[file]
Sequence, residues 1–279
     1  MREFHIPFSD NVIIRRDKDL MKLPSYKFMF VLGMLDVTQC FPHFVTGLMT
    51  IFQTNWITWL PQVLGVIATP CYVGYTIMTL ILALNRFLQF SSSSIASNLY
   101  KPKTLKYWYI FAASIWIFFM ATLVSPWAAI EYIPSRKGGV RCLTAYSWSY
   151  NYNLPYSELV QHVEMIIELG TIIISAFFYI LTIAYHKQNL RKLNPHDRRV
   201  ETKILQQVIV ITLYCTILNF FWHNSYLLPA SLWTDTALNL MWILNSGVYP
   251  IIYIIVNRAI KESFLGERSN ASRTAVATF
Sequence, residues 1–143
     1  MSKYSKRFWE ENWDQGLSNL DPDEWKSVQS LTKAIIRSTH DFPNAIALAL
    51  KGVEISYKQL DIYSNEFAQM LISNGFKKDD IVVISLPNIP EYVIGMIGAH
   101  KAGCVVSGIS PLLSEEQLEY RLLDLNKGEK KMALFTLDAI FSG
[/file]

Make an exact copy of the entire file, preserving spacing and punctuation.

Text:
Sequence, residues 1–279
     1  MREFHIPFSD NVIIRRDKDL MKLPSYKFMF VLGMLDVTQC FPHFVTGLMT
    51  IFQTNWITWL PQVLGVIATP CYVGYTIMTL ILALNRFLQF SSSSIASNLY
   101  KPKTLKYWYI FAASIWIFFM ATLVSPWAAI EYIPSRKGGV RCLTAYSWSY
   151  NYNLPYSELV QHVEMIIELG TIIISAFFYI LTIAYHKQNL RKLNPHDRRV
   201  ETKILQQVIV ITLYCTILNF FWHNSYLLPA SLWTDTALNL MWILNSGVYP
   251  IIYIIVNRAI KESFLGERSN ASRTAVATF
Sequence, residues 1–143
     1  MSKYSKRFWE ENWDQGLSNL DPDEWKSVQS LTKAIIRSTH DFPNAIALAL
    51  KGVEISYKQL DIYSNEFAQM LISNGFKKDD IVVISLPNIP EYVIGMIGAH
   101  KAGCVVSGIS PLLSEEQLEY RLLDLNKGEK KMALFTLDAI FSG